2Mifflin’s letter to Washington of August 5, 1794, reads in part as follows: “The important subject, which led to our conference on Saturday last, and the interesting discussion that then took place, having since engaged my whole attention, I am prepared, in compliance with your request, to state with candor the measures which, in my opinion, ought to be pursued by the commonwealth of Pennsylvania. The circumstances of the case evidently require a firm and energetic conduct on our part, as well as on the part of the General Government; but as they do not preclude the exercise of a prudent and humane policy, I enjoy a sincere gratification in recollecting the sentiment of regret, with which you contemplated the possible necessity of an appeal to arms.… I cannot hesitate to declare on the part of Pennsylvania, that the incompetency of the Judiciary Department of her Government, to vindicate the violated laws, has not at this period been made sufficiently apparent; and that the military power of the Government ought not to be employed, until its Judiciary authority, after a fair experiment, has proved incompetent to enforce obedience, or to punish infractions of the law.… I propose issuing a Proclamation, in order to declare (as far as I can declare them) the sentiments of the Government; to announce a determination to prosecute and punish the offenders; and to exhort the Citizens at large to pursue a peaceable and patriotic conduct: I propose engaging three respectable Citizens to act as Commissioners for addressing those who have embarked in the present combination, upon the lawless nature, and ruinous tendency of their proceedings; for inculcating the necessity of an immediate return to the duty which they owe their Country, and for promising (as far as the State of Pennsylvania is concerned) a forgiveness of their past transgressions, upon receiving a satisfactory assurance, that, in future, they will submit to the laws: and I propose, if all these expedients should be abortive, to convene the Legislature, that the ultimate means of subduing the spirit of insurrection, and of restoring tranquility and order, may be prescribed by their wisdom and authority” (LS, Pennsylvania Miscellany, Whiskey Rebellion, Vol. I, Library of Congress; Df, Division of Public Records, Pennsylvania Historical and Museum Commission, Harrisburg). This letter is printed in Pennsylvania Archives, 2nd ser., IV description begins Pennsylvania Archives, 2nd ser., IV (n.p., 1876). description ends , 105–09, and ASP description begins American State Papers, Documents, Legislative and Executive, of the Congress of the United States (Washington, 1832–1861). description ends , Miscellaneous, I, 97–99.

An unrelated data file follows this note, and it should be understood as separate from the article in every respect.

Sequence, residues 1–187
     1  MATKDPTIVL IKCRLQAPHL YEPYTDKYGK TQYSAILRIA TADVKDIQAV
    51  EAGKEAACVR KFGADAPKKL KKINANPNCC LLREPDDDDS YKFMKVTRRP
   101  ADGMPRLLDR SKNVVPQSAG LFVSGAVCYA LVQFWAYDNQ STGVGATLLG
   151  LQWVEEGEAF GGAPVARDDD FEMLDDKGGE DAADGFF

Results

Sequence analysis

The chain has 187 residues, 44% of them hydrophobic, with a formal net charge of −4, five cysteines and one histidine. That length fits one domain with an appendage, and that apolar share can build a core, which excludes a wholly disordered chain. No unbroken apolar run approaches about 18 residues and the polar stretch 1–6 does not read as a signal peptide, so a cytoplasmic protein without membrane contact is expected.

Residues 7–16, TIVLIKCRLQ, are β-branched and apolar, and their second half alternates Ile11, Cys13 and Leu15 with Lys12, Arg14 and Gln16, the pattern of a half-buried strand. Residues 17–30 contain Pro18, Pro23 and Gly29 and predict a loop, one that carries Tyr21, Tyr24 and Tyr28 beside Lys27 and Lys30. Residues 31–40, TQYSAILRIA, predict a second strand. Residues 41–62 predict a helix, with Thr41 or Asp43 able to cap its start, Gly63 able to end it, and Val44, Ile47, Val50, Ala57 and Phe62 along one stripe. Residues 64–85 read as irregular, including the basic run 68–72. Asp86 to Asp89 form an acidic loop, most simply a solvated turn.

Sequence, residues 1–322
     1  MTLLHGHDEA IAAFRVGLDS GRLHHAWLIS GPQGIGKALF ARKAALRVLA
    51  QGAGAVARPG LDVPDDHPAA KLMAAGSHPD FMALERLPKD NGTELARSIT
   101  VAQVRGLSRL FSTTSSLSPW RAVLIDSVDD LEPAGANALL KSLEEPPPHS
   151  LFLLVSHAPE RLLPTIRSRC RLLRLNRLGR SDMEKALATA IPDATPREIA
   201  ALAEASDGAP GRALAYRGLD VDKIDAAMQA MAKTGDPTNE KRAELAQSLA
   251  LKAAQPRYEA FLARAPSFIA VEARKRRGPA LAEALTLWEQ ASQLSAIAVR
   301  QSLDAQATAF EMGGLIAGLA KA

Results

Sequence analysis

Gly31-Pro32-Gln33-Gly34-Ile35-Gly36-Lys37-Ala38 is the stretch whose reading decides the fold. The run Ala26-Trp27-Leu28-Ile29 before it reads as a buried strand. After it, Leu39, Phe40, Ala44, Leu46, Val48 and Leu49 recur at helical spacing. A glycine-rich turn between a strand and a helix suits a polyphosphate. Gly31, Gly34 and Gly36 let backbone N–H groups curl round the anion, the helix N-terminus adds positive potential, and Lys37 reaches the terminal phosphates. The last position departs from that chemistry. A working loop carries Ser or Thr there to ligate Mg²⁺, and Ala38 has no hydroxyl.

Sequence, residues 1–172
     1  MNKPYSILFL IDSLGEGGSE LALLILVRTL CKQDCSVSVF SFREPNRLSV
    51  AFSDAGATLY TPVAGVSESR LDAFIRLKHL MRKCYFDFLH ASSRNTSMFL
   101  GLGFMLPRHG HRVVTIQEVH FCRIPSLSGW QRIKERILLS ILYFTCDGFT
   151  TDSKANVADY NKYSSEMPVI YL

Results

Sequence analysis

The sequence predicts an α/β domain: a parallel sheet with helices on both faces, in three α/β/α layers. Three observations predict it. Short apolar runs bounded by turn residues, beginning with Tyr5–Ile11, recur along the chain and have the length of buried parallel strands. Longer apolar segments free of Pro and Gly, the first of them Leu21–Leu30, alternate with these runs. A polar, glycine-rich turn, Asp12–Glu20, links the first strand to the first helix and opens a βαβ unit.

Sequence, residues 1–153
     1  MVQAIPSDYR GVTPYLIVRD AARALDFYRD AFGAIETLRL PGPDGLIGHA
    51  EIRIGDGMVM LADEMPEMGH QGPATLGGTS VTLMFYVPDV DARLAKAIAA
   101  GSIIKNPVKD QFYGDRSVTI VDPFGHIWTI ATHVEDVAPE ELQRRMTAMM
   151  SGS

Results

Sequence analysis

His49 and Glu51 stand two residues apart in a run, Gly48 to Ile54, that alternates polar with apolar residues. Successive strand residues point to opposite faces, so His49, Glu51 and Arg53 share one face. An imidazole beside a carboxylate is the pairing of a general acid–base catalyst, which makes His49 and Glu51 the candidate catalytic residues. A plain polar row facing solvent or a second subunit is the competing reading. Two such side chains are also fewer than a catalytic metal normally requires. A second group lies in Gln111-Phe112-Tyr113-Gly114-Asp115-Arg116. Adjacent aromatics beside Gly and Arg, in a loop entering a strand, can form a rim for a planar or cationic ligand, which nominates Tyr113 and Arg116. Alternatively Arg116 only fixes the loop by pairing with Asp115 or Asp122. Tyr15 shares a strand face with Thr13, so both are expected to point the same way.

In his letter to Washington, Mifflin ignored the July 18, 1794, report of John Gibson, major general in the Pennsylvania militia, who, in describing the attack on John Neville’s house, wrote to Mifflin: “I am sorry to have to inform your Excellency that a civil war has taken place in this county…” (Copy, Connecticut Historical Society, Hartford).

3See note 2.

5This is a reference to a statement made by James Wilson, associate justice of the Supreme Court. See H to Tench Coxe, August 1, 1794; “Conference Concerning the Insurrection in Western Pennsylvania,” August 2, 1794, note 9.

6H is referring to questions which Mifflin asked in his letter to Washington of August 5, 1794. See note 2. H quotes these questions in the last part of this paragraph.

7See “Conference Concerning the Insurrection in Western Pennsylvania,” August 2, 1794, notes 1316.

8Clement Biddle.

10For the legislation regulating the excise, see H to Washington, August 5, 1794, note 2.

11For this incident and others mentioned in this paragraph, see H to Washington, August 5, 1794.

12The quotations in this paragraph are from Mifflin’s letter to Washington of August 5, 1794. See note 2.

14This is a quotation from Mifflin’s letter to Washington of August 5, 1794. See note 2.

15For information on the appointment of the commissioners, see H and Knox to Washington, August 5, 1794, note 3.

16On a page attached to this letter H wrote the following note to George Taylor, Jr., Department of State chief clerk: “The Secretary of State desired that this Letter might be sent to Mr. Taylor for copying. As from its conditions mistakes will be easy Mr. Taylor after copying will please to sent it with the draft to Mr. H for examination. AH.”